: MTAs send mail from one machine to another. Sendmail is not a client
: program, which you use to read your email. Sendmail is a
: behind-the-scenes program which actually moves your email over
: networks or the Internet to where you want it to go.
:
: If you ever need to reconfigure Sendmail, you will also need to have
: the sendmail-cf package installed. If you need documentation on
: Sendmail, you can install the sendmail-doc package.

Show history:

[lisa@rhel1 ~/]# dnf history
ID     | Command line                                                                                                      | Date and time    | Action(s)      | Altered
------------------------------------------------------------------------------------------------------------------------------------------------------------------------
   102 | remove liberation-fonts                                                                                           | 2021-11-28 18:44 | Removed        |    3
   101 | remove chromedriver                                                                                               | 2021-11-28 18:44 | Removed        |    2
   100 | remove google-chrome-stable                                                                                       | 2021-11-28 18:44 | Removed        |    1  < 99 | install liberation-fonts | 2021-11-28 18:42 | Install | 1 >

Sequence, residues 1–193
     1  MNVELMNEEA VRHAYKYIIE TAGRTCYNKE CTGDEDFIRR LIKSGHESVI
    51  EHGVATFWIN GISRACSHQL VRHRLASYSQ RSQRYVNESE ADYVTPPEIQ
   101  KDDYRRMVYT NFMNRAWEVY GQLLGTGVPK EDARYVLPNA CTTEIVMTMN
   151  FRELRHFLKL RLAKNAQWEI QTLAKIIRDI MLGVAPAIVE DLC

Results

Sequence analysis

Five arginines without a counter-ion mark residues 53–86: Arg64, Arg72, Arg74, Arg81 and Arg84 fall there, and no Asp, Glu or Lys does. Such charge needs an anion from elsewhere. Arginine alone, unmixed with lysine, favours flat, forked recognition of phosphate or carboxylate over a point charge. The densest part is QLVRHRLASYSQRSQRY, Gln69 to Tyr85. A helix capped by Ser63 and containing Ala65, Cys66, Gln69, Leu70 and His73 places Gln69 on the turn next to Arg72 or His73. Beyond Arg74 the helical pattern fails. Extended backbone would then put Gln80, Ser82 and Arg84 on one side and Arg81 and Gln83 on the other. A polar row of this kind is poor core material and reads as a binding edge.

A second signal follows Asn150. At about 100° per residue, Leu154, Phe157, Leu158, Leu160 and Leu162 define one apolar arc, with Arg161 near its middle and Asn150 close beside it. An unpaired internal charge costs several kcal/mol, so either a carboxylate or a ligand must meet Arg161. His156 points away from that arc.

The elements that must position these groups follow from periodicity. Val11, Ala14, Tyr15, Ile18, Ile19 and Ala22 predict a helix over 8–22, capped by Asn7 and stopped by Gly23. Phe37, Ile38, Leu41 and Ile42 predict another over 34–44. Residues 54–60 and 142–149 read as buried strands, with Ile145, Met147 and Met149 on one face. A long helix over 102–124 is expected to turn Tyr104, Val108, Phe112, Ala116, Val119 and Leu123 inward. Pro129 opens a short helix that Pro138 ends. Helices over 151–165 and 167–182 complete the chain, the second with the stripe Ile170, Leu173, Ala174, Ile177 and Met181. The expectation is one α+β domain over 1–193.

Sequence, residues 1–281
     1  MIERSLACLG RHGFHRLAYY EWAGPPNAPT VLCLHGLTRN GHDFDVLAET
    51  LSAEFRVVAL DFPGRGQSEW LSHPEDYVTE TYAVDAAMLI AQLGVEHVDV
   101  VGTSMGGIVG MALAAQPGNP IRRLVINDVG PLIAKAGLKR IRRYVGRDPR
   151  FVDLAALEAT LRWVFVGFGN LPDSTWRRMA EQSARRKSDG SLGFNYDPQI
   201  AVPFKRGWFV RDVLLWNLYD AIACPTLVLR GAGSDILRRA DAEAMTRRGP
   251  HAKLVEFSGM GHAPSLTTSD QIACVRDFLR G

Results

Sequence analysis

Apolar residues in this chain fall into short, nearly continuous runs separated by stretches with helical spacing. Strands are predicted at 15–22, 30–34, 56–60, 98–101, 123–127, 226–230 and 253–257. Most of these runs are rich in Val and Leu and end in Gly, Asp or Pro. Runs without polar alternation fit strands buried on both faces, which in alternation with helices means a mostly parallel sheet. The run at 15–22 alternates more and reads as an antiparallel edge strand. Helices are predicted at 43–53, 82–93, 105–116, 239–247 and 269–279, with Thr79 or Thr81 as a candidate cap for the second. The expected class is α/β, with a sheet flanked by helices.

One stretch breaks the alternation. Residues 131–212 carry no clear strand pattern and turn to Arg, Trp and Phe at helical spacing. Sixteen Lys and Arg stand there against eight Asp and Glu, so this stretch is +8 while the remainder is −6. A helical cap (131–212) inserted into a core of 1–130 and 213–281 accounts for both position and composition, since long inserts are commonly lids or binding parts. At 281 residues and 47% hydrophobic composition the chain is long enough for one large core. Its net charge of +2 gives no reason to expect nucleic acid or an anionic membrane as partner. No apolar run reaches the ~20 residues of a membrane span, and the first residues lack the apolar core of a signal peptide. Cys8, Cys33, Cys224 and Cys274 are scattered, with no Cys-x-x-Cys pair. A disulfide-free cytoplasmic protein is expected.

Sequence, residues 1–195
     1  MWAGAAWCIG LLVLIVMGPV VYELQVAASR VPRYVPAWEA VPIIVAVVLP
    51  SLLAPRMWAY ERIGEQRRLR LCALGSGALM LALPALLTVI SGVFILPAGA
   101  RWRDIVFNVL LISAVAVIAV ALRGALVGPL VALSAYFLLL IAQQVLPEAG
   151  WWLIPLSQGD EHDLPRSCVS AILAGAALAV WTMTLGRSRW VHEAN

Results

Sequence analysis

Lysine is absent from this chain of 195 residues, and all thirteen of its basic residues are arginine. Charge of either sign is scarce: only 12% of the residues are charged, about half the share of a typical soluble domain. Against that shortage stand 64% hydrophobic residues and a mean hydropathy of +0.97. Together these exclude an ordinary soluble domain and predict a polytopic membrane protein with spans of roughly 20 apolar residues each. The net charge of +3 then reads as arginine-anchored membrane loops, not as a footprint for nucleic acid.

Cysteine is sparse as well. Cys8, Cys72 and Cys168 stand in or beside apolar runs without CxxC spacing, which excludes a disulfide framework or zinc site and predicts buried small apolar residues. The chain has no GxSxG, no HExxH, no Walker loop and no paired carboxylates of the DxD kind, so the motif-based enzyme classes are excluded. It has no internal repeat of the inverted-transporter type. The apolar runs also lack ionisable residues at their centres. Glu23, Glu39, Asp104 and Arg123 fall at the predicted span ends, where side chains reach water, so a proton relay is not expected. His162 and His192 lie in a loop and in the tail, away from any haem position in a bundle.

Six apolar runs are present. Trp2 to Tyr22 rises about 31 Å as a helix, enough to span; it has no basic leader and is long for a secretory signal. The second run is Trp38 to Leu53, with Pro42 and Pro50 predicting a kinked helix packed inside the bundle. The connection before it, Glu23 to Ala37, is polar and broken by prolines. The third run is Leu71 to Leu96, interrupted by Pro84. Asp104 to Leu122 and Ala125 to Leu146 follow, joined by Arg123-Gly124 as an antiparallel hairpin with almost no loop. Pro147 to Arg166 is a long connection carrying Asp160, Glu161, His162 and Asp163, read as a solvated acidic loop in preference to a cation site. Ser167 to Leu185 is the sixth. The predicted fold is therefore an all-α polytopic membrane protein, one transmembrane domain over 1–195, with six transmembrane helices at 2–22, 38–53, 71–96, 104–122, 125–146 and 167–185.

98 | install chromedriver                                                                                              | 2021-11-28 18:38 | Install        |    2
    97 | remove mediainfo                                                                                                  | 2021-11-16 13:31 | Removed        |    4
    96 | install mediainfo                                                                                                 | 2021-11-16 13:29 | Install        |    4

 

Which brings up an interesting command — you can undo a history step instead of trying to uninstall the list of things you just installed.

dnf history undo 98 -y

Using Screen to Access Console Port

We needed to console into some Cisco access points — RJ45 to USB to plug into the device console port and the laptop’s USB port? Check! OK … now what? Turns out you can use the screen command as a terminal emulator. The basic syntax is screen <port> <baud rate> — since the documentation said to use 9600 baud and the access point showed up on /dev/ttyUSB0, this means running:

 

screen /dev/ttyUSB0 9600